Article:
11 Things You Have To Do In New York

11 Things You Have To Do In New York

You'd probably be satisfied with just the pizza

I recently took a short trip up to Manhattan with my girlfriend for New Year's weekend, and it was the most fun I've had in a long time (even when I got sick). I'm not much of a people person, and I soon found out not many New Yorkers are people persons, either! I fit in right in my element. We spent each day doing something different to achieve the full New York experience.

Next time you plan to take a visit, check these places out! You won't be disappointed.

1. Central Park

Sadly, I was too sick to run, but my girlfriend got to run the outer loop in Central Park, and it was a full 90 minute loop! It's a nice park to stroll through or, if you're a runner, you have got to check it out. It mimics an Alice in Wonderland vibe, which distracts from actual exercise. Plus, it's free!

2. The Empire State Building

The Empire State Building had an incredible view of the whole city and beyond. It was about 15 degrees and snowing when we went, but I'm confident it'd be nicer during the spring and summer time! It's more expensive once it gets closer to the holidays (like everything else) so make sure you plan ahead to save some money!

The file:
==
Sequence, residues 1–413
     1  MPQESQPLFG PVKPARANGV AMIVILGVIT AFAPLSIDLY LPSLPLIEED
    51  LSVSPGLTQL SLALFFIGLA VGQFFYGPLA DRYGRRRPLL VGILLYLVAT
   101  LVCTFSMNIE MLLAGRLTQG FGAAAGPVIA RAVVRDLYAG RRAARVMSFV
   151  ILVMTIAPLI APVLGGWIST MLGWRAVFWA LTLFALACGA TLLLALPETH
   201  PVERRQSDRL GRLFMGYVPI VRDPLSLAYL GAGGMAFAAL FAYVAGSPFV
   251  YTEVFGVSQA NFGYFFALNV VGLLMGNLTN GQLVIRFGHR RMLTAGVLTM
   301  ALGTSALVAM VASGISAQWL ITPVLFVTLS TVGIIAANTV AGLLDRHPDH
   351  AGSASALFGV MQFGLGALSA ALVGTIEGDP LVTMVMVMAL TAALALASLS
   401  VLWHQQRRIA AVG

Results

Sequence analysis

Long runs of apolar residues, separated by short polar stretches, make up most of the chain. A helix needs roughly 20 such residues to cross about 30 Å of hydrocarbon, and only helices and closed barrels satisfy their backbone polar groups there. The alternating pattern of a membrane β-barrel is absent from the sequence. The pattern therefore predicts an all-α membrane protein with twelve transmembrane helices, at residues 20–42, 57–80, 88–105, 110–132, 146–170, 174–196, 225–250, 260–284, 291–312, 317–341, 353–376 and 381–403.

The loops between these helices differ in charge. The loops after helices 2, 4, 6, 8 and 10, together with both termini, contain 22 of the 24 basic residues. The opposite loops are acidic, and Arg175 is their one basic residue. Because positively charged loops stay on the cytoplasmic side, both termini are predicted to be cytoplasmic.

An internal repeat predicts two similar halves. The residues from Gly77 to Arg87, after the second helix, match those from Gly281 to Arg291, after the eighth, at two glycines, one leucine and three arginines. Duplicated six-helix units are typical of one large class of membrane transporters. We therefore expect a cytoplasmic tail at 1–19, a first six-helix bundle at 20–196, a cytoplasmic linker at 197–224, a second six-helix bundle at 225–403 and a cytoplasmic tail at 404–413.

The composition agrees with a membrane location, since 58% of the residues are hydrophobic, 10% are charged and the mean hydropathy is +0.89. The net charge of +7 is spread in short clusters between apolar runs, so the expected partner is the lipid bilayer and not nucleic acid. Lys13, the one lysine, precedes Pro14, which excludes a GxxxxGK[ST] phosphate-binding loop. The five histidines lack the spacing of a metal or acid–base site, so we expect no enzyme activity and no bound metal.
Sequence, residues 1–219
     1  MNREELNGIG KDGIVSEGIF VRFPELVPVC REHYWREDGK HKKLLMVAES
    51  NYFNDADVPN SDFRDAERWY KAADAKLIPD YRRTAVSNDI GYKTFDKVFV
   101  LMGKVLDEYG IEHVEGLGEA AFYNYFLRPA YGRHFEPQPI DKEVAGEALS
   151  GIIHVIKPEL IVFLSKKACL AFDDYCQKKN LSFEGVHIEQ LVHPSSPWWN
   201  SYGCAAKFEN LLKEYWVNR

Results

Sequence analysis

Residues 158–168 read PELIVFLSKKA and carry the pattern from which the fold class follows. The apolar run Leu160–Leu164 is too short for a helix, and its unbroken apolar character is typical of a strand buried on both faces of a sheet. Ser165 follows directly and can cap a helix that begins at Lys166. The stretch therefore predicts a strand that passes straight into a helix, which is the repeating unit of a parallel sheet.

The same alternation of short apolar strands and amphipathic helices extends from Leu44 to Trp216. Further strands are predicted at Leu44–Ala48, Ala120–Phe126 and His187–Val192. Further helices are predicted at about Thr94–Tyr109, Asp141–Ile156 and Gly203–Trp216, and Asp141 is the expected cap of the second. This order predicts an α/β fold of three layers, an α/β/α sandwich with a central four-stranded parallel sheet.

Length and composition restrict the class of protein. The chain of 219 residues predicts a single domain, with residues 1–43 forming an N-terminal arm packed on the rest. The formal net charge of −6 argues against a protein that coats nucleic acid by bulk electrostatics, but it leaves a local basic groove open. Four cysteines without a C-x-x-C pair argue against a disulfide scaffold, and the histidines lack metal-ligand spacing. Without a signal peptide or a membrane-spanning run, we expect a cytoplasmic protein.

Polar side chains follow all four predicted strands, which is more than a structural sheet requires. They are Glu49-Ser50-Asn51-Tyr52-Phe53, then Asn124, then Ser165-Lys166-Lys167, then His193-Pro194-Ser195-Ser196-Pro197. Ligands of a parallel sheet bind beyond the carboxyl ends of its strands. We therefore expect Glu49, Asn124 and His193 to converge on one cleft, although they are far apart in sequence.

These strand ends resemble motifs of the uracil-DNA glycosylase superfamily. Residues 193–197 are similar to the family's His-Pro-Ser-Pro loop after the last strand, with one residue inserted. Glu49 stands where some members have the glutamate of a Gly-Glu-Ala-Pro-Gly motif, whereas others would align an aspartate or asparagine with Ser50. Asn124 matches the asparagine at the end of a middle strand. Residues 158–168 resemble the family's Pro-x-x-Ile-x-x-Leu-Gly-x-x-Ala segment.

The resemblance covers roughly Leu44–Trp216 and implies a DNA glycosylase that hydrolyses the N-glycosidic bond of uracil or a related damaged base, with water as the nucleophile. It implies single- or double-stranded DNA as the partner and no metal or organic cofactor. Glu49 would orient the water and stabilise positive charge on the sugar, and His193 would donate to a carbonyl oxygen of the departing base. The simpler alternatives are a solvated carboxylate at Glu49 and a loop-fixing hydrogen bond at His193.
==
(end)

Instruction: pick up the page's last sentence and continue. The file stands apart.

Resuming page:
3. Top of The Rock (Rockefeller Plaza)

This has breath taking views of the city on multiple levels that make the experience more fun! As you keep climbing, the views get prettier. There are many angles to look from, and the top level is open-roof. I went at night time, and all of the city lights made it perfect for photos!

4. The MET Museum

The Metropolitan Museum of Art has a vast collection of art galleries that travel through all time periods. It was nice to see all of the artwork, read about the artists' ideas, and taking a break from the cold outside!

5. A Cruise Around Manhattan

Honestly, I didn't think we'd be on time for this cruise because we found out that it's pretty hard to travel from the East Side to the West Side of the city in 20 minutes. We started running through people, snow, and lights in our big puffy jackets and boots, but we made it, and it was worth it. I got to see One World Trade Center, the Statue of Liberty, and Ellis Island. It was a beautiful cruise, and I'd definitely recommend it! (Plus, they had hot chocolate!)

6. Call A Taxi

This one is more of an experience. Taxi drivers in NY won't see you if you're doing a wave that you'd do if you saw an acquaintance on the sidewalk. You have to wave as if you're seeing your best friend you haven't seen in 2 years! You'll feel proud of yourself once you get one. It's an accomplishment (at least for me!).